It is all a matter of balance. We must find a way to balance speaking the truth about error and maintaining our inner peace. If we speak what we consider to be the truth while anger fills and overflows our hearts so that we forfeit our inner peace, we have lost that balance.
The fact is that the world is a lunatic asylum—one in which the inmates are usually running the place. That is why the world is not only stuffed with errors, but with errors that are mutually exclusive. People are crazy on both the Left and the Right, and everywhere in between. All the errors are—well, erroneous, and many are quite grievous.
So\ the question is: where to start? With so many errors to choose from and with so much wrong with the world, which error should I pick as my target for denunciation? Which terrible sin should I devote all my righteous energies to combat? Globalism? White Supremacy? Phanariot papalism? Creeping ecumenism? Atheistic evolution? Maybe something having to do with the church calendar? Perhaps I should toss a coin or cast lots…
As with all questions of this kind, the apostolic Tradition and the practice of the apostles provide the answers we need. St. Paul, for example, was not shy about denouncing error when he encountered it as he did his work. But his work was not battling the errors that filled the world, but glorifying Christ and building up His Church.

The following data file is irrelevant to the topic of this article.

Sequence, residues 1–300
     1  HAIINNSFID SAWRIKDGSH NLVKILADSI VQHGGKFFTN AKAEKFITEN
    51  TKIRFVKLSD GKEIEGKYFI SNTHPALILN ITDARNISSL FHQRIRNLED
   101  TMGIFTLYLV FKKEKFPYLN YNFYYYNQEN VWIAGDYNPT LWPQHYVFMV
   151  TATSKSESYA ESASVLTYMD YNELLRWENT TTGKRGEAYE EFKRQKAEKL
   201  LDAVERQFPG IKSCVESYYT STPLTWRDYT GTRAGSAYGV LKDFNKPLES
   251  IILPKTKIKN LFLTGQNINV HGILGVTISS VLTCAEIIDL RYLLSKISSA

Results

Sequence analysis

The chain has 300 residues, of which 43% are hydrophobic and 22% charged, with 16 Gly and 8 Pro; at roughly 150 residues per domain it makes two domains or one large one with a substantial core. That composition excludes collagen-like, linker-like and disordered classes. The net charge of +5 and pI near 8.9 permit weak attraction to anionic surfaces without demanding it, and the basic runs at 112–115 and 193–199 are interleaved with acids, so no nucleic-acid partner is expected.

Denunciation was something of a side-line—he would swat mosquitoes when they landed on him, prepared to bite, but he did not go about chasing the world’s mosquitoes. Or, to vary the metaphor, he would confront the demonic when he met it in his ministry (see Acts 16:16-18), but he did not charge about in every direction like Don Quixote tilting at windmills trying to exorcise every demon in the world. Such a task would be too great for any man—and would result in the loss of one’s peace, and possibly of one’s mind.
It is this peace that we must maintain at all costs, and we must let this peace act as arbiter in our hearts (Colossians 3:15). There is a time for everything, including for measured denunciation. But after we have spoken the truth with serenity of heart, we must return to our place, rooted in the peace of Christ. When faced with grievous error and staggering stupidity,
I am often reminded of a line in Woody Allen’s film Annie Hall. In this film, Woody’s character was talking with Annie’s younger brother Duane (played by a young Christopher Walken), who was sharing with him in detail his surreal and pathological fantasy of suicide by car crash. After a moment of silent reflection Woody’s character responded, “Well, I have to go now, Duane, because I’m due back on the planet earth.”
I sometimes feel like this when dealing with the insanities of the world. After speaking my piece, I have to go, and happily leave the insanity behind. Like Woody’s character in Annie Hall, I am due back on the planet earth. Or, to quote the more stately words of St. Paul, “What have I to do with judging outsiders?” (1 Corinthians 5:12) Like the apostle, I will speak the truth about error and sin.
But I will not let self-righteous rage eat me up, or devote my whole life to dealing with them or to anything other than glorifying the Lord and helping to build up His Church. I cannot spend all my energies going toe to toe with craziness. I am due back on a saner place—perhaps not the planet earth, but the Kingdom of God, for that Kingdom is the source of all the world’s sanity and the world’s peace.
Father Lawrence Farley serves as pastor of St. Herman’s Orthodox Church in Langley, British Columbia, Canada. He is also author of the Orthodox Bible Companion Series along with a number of other publications.
The photo shows, “The Wave,” by Carlos Schwabe, painted in 1907.